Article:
Well, if it was plugged fuel filters (and JC was certain that was the case), then JC would have to drive the ten miles back to the shop and get new ones anyway so he simply headed up there in the first place. He knew the equipment that Louis ran so that was a no-brainer. But it was still annoying to drive up to the shop. JC seldom complained though. There usually was a good visit that went on during the service call, and often finished with a cup of coffee and a nice piece of pie at the house before he would be allowed to head for home.

Louis' place was ten miles the opposite way from town. By the time JC showed up, it was growing dusk. Being skilled at changing filters, JC still had the job(s) done and the tractors running before it was totally dark. He was even able to stop back at the coffee shop for a final cup before calling it a day.

The next day as JC wrote up the umpteenth work order for the previous trip to Louis' place, he pondered the perpetual situation; how could he fix this and not waste so much time? It didn't take long to formulate a plan. JC reached for the phone and began to dial.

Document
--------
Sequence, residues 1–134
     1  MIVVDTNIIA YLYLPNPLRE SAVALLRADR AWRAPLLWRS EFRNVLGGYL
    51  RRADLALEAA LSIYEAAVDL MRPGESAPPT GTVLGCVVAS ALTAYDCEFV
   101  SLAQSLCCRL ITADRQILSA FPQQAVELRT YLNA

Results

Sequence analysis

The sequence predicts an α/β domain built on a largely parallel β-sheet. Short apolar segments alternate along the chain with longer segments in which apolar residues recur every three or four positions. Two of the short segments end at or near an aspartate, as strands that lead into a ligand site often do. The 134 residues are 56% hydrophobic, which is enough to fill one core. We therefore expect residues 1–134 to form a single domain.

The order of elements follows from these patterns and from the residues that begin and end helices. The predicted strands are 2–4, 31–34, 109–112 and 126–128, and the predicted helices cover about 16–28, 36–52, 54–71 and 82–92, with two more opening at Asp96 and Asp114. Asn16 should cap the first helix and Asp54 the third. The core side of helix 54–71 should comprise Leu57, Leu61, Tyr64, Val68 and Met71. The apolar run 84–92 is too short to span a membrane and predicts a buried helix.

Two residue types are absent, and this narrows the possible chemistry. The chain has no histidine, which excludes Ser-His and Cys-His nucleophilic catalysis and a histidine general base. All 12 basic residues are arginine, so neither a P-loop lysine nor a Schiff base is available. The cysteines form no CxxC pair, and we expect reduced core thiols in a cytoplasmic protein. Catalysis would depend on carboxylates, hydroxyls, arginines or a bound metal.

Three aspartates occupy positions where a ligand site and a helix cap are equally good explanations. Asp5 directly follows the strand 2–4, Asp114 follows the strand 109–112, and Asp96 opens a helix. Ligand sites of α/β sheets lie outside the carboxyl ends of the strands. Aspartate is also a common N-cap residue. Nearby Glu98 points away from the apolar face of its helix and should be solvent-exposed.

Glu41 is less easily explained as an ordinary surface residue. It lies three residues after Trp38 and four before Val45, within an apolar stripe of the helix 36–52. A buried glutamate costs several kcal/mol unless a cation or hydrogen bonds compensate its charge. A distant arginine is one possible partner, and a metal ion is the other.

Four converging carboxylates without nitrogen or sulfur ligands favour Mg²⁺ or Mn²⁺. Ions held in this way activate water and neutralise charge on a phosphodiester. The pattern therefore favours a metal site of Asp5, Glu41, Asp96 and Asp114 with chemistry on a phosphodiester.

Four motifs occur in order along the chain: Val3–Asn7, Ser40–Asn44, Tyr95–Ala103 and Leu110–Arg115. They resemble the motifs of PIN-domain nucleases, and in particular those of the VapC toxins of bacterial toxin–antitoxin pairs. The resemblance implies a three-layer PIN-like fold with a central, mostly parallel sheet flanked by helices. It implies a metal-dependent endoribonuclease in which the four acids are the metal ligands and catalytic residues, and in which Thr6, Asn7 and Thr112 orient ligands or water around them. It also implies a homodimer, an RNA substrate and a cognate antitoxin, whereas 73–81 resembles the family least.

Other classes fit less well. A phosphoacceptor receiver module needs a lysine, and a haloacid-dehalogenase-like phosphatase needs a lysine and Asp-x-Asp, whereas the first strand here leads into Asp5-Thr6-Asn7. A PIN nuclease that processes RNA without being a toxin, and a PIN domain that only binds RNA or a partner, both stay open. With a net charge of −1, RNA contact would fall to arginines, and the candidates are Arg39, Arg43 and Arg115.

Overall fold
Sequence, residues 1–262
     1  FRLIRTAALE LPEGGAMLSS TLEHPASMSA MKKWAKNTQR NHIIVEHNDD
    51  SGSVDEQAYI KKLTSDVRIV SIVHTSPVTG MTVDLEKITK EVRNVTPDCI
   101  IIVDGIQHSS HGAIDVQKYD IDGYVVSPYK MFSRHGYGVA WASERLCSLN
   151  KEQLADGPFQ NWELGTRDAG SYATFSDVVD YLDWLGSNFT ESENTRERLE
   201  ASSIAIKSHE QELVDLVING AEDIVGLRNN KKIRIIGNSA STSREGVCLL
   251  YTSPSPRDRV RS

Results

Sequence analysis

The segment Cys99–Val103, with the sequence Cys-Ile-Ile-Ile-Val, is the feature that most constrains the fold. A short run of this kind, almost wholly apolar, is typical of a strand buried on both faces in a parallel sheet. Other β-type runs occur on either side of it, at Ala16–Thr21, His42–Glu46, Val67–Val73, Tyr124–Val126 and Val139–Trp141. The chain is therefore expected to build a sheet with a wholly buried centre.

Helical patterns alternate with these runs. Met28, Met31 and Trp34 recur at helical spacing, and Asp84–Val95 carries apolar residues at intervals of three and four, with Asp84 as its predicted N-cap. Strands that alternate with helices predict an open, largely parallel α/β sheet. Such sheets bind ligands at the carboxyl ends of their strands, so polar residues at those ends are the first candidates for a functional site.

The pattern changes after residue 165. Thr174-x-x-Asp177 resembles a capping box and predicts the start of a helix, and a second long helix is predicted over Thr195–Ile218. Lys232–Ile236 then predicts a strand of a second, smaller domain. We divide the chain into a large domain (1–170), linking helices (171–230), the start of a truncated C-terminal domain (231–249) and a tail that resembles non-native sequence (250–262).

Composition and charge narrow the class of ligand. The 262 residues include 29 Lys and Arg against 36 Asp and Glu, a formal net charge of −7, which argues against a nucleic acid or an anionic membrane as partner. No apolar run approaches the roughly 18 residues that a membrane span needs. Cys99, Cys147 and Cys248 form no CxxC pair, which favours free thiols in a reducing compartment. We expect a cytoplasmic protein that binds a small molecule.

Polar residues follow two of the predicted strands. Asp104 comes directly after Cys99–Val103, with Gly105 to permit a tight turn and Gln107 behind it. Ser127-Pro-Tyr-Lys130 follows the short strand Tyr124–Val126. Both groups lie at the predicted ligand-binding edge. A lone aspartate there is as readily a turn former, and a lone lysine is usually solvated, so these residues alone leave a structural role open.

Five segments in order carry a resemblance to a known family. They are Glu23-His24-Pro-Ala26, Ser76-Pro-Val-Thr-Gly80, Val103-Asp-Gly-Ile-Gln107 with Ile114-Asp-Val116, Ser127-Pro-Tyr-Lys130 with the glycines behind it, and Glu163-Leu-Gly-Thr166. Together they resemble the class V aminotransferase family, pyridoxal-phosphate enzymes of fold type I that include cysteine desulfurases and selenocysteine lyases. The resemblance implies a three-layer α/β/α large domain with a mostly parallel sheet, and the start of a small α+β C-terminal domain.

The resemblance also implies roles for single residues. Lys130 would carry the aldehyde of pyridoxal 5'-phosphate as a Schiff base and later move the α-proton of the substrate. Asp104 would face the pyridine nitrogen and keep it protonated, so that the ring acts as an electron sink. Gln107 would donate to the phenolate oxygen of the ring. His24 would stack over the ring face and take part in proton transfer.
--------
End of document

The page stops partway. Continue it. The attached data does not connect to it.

'Hey, Darrel' (JC actually called him by his proper name because referring to someone his Dad's age as Slippery sounded a bit derogatory, even if it might have applied to Darrel's business tactics), 'it's JC. How goes the battle?'

'Just fine,' Slippery responded, 'how about you?'

'Can't complain--' That was a lie; no one would listen anyways. 'Say, Darrel, I need you to do me a favor.'